How am I blogging?
This week I decided to collect data on the how of my engagement with the student blogs.
For seven days I recorded all my blog activity (Eynon’s (2015) ‘what’), and categorised it by how I engaged: visiting, looking (for items), reading, writing, and thinking. I also noted the order in which I took part in these activities and if there were any pauses in activity overall.
Results and Analysis
I decided this time to create a story around my activity, since it has a sequence of phases: posting; reading comments on my posts and responding; reading other posts and commenting etc. How this sequence plays out might be of interest to the teacher who created this whole activity.
Though I have kept time as an axis, I have manipulated the traditional straight line representation to draw attention to the fact that, sequence may be important, but the degree of association between activities may not be based on their difference in time.
I also suggested, through the visualisation, how visible these different activities would be to a teacher, to allow comparision between the available and (part of the) unavailable data.
This depiction of time is inspired by the ideas of gyrification of the cerebral cortex of the human brain, causing folding, which it is thought to help speed communication between brain cells (beyond those that are ajoining).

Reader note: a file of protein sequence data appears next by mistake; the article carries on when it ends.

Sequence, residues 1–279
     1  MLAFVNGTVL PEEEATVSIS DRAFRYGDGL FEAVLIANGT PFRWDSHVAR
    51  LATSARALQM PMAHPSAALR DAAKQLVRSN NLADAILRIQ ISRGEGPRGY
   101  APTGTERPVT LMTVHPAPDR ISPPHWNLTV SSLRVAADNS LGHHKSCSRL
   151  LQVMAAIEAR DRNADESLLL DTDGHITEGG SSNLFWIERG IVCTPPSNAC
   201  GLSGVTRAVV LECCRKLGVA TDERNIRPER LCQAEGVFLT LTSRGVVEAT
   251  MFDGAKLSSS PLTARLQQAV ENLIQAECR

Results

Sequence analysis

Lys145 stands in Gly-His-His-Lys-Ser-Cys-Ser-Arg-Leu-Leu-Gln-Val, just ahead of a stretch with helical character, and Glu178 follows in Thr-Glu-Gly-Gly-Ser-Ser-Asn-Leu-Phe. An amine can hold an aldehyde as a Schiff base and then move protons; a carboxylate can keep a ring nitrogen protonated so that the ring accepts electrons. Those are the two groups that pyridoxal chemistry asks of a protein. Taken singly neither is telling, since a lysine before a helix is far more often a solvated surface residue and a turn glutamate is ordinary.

A linear depiction of time can suggest the further things are apart in time, the weaker/more distant the relationship, whereas this depiction suggests things (and time) are not always that simple. And time is something that is measured and reported as a common feature of learning systems reports and dashboards (suggesting it is important): a dashboard will have already decided how you view data such as time (pre-set options being only an illusion of teacher personalisation and control).
A teacher may look for the story of a student’s enagement in a dashboard, but find no more than occasional glimps of selected (by whom?) types of activity. A very large proportion of even the behavioural activity here is rendered invisible because of the methodology of data collection and visualisation (making the student look initial partially then completely disengaged).
How does this relate to teaching?
- The dashboard answers the research question of its own choice based on the data it has elected to collect and share which, if nothing else, is based on its technical capabilities, rather than needs of staff or students.
- Any options available to teachers when using the dashboard are an illusion of control: all decisions of importance have already been taken.
- Data the learning system does not/cannot collect, is so undervalued as to be not worth mentioning (Williamson et al, 2020) to the teacher.
- When a teacher looks at a dashboard (or VLE report), there is no indication (warning?) that this is partial and incomplete picture of ‘what’ happened and completely missing the ‘why’.
- Dashboards always presents students in a superficial, datafied form, potentially affecting the teacher’s impression of them and thereby their relationship.
- As before, if this data is visible by the institution, this may be read as a proxy for the teachers ability, e.g. to teach, engage their students, or use the learning technology effectively (Williamson et al, 2020).
Eynon, R., 2015. The quantified self for learning: critical questions for education. Learning, Media and Technology, 40 (4), pp. 407-411, DOI: 10.1080/17439884.2015.1100797
Williamson, B. Bayne, S. Shay, S. 2020. The datafication of teaching in Higher Education: critical issues and perspectives. Teaching in Higher Education. 25(4), pp. 351-365.